Monday, November 17, 2014

An Adult Take and Tone in Tyler Chadwick's "My Daughter's Favorite Bedtime Story"

Oh man!  I just realized I had forgot to post my post!  I guess I learned my lesson on drafting it in Word.  Sorry for the late post, but here it is!

I love Dr. Seuss and it is no surprise to me when he is a favorite of others.  "Do you like my hat?"  has become a beloved phrase in the Nelson house, as we begged my mother to read "Go, Dog. Go!" again and again.  It looks like it is Chadwick's daughter's favorite too.  Seeing as she knows the ending, I bet she begs him to read it over and over too.
This poem is arranged in very long stanzas- the first being 28 lines describing and analyzing different parts of the book.  For example:

Mid-ocean, midnight, / the black water smooth as sleep,/ or maybe death, but she'd never think of that,/ would she?

The lines are broken up into thoughts, almost miniature tone-shifts themselves.  Much of Chadwick's lines and thoughts are like this, taking an adult perspective to a child's book. This is shown in sentence length (he has very long, intricate sentences, whereas Dr. Seuss has small, short phrases) , as well as commenting on things like "impossible three-story rowboats."  He adds realism to fiction and even adds hints of Seuss to his sentences.  I feel like he longs to see the world and stories through his daughter's eyes, as  one who waits for a final party and wants to read the same story over and over again.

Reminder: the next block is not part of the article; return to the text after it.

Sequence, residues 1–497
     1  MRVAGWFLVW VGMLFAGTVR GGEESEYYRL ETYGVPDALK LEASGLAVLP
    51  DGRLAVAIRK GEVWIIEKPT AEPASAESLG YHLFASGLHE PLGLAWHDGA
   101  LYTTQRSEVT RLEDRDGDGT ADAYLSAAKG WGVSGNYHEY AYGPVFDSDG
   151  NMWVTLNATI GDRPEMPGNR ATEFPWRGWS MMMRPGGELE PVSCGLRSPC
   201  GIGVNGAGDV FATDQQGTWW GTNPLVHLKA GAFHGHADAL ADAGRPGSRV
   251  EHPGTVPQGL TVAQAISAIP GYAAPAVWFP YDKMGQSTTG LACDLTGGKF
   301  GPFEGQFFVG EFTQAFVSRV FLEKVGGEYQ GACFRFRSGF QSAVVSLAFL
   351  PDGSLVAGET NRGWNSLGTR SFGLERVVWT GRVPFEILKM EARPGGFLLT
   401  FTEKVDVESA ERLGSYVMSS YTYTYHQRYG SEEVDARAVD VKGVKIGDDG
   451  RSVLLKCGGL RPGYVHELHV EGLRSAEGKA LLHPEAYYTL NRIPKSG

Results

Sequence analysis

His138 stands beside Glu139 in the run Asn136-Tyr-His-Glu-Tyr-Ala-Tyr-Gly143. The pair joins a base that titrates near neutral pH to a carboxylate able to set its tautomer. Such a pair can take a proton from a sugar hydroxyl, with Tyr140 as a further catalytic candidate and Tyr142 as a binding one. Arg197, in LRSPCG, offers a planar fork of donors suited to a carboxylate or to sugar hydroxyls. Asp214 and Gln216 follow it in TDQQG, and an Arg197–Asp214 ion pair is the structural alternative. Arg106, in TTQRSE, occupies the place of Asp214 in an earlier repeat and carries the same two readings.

The first stanza builds to Dogs together at last, eating big slices of cake and jumping on trampolines directly to a tone shift into the final 6 lined stanza reminiscing over a book ending and starting over. Is that how children work?  It has been a long time since I've been a child, but I am pretty sure they are prone to mood changes.  They build up excitement and wonder, only to slow down when it's over and begin to climb again.  

This hints at several LDS themes.  One, being child-like innocence, wondering and waiting for that "final party" where all the "dogs from the book come together."  I think that this could allude to heaven.  All us dogs from life coming together to eat cake and celebrate.  Another, being to start over again.  Life is a cycle with childhood, adolescence, adulthood- which essentially starts over with each new generation.  I hope my children will have the same child-like wonder in books that I did, and that I have the same adult-like wonder in children as Chadwick does.   


  1. Your comparison of Dr Suess pulled me in. I think everyone has had an experience with him and his works from a very young age .Having more of a transition between the two thoughts of the poem you read and those works that we're familiar with would be helpful so you don't just jump in with both feet right of the bat I think would be less jolting.

  2. Great analysis. I too was drawn in by the comparison to Dr. Seuss and was reminded of my own childhood. I really enjoyed how you related to poem to an LDS theme. Thinking of the afterlife as a final party truly sums up our collective thought on the afterlife. I think I'm going to have to read this poem. Thanks for your post

  3. I really like Kate's comment. I agree that Dr Suess is something we can all relate to and this is important when trying to find something compelling in your writing. Great, insightful post!

  4. Great reading of the poem, Hailey. Just one thing I thought I'd mention: as much as I'd like it to be mine, it was actually written by Dave Nielsen...